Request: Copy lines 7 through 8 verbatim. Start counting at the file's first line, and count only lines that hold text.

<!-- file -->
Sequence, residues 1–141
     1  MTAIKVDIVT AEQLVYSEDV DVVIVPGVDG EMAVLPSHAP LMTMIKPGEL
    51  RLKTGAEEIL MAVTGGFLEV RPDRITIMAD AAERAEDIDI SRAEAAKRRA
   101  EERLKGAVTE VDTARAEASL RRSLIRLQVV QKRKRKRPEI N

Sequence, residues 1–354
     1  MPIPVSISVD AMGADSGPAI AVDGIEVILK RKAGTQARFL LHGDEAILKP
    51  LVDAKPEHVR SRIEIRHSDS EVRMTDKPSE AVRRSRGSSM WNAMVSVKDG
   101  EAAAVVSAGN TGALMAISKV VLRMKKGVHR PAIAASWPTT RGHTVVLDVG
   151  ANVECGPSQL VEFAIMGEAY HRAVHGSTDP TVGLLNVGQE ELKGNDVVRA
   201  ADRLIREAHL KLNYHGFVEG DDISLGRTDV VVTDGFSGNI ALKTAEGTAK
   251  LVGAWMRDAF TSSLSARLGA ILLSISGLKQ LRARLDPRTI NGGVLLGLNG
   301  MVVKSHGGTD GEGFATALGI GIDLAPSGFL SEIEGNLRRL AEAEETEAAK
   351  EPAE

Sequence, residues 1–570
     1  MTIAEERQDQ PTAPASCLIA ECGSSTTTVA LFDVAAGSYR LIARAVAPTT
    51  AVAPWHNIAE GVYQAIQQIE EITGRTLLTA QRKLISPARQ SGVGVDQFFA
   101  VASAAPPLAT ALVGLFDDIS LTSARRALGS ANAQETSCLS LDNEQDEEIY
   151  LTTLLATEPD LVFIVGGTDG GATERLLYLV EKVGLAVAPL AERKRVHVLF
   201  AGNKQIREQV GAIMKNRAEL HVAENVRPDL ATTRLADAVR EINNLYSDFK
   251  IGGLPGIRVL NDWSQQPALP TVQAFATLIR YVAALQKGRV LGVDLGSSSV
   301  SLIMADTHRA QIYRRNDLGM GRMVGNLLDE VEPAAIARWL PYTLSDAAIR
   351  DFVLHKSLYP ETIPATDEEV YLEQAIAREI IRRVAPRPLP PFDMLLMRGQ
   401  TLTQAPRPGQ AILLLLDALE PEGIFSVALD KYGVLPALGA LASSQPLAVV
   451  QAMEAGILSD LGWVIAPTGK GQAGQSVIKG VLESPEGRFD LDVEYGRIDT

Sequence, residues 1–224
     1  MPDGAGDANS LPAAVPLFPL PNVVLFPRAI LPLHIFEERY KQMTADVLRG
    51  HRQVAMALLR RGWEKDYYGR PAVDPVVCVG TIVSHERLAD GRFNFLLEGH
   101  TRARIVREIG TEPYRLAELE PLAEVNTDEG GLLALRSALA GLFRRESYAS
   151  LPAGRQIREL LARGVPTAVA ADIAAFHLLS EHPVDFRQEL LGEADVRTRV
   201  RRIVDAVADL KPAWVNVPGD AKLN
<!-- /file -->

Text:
    51  LVDAKPEHVR SRIEIRHSDS EVRMTDKPSE AVRRSRGSSM WNAMVSVKDG
   101  EAAAVVSAGN TGALMAISKV VLRMKKGVHR PAIAASWPTT RGHTVVLDVG